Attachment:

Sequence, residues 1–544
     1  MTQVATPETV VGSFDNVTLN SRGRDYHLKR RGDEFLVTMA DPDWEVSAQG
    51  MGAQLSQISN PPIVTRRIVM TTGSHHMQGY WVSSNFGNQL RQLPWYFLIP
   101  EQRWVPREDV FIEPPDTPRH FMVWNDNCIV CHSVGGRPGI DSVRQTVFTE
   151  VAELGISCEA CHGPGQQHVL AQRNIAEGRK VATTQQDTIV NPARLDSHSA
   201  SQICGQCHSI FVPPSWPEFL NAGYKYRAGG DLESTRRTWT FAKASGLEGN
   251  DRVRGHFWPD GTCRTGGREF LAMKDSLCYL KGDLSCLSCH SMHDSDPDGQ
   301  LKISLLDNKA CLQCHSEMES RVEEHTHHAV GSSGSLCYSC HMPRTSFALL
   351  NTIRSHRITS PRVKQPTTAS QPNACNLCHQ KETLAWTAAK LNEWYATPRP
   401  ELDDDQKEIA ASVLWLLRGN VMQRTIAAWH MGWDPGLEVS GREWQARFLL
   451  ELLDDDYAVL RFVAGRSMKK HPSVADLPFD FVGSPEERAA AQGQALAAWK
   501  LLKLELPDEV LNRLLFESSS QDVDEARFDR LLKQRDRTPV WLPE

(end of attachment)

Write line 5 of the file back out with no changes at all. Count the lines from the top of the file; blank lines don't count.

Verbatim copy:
   151  VAELGISCEA CHGPGQQHVL AQRNIAEGRK VATTQQDTIV NPARLDSHSA